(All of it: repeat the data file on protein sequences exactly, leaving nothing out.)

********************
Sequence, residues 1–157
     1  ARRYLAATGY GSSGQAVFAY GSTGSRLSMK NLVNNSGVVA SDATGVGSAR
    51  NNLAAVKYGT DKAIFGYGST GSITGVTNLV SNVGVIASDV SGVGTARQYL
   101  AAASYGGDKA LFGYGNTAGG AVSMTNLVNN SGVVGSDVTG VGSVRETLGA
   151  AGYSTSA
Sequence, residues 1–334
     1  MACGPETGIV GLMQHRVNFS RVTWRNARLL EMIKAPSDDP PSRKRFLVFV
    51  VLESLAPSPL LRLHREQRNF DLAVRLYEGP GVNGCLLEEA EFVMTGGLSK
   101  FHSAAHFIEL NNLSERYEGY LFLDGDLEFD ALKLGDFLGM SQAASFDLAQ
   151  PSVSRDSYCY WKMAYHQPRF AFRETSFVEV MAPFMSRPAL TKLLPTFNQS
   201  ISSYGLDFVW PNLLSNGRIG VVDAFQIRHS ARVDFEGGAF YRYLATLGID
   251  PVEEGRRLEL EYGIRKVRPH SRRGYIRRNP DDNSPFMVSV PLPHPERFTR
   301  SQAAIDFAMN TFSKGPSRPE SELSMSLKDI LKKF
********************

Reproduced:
Sequence, residues 1–157
     1  ARRYLAATGY GSSGQAVFAY GSTGSRLSMK NLVNNSGVVA SDATGVGSAR
    51  NNLAAVKYGT DKAIFGYGST GSITGVTNLV SNVGVIASDV SGVGTARQYL
   101  AAASYGGDKA LFGYGNTAGG AVSMTNLVNN SGVVGSDVTG VGSVRETLGA
   151  AGYSTSA
Sequence, residues 1–334
     1  MACGPETGIV GLMQHRVNFS RVTWRNARLL EMIKAPSDDP PSRKRFLVFV
    51  VLESLAPSPL LRLHREQRNF DLAVRLYEGP GVNGCLLEEA EFVMTGGLSK
   101  FHSAAHFIEL NNLSERYEGY LFLDGDLEFD ALKLGDFLGM SQAASFDLAQ
   151  PSVSRDSYCY WKMAYHQPRF AFRETSFVEV MAPFMSRPAL TKLLPTFNQS
   201  ISSYGLDFVW PNLLSNGRIG VVDAFQIRHS ARVDFEGGAF YRYLATLGID
   251  PVEEGRRLEL EYGIRKVRPH SRRGYIRRNP DDNSPFMVSV PLPHPERFTR
   301  SQAAIDFAMN TFSKGPSRPE SELSMSLKDI LKKF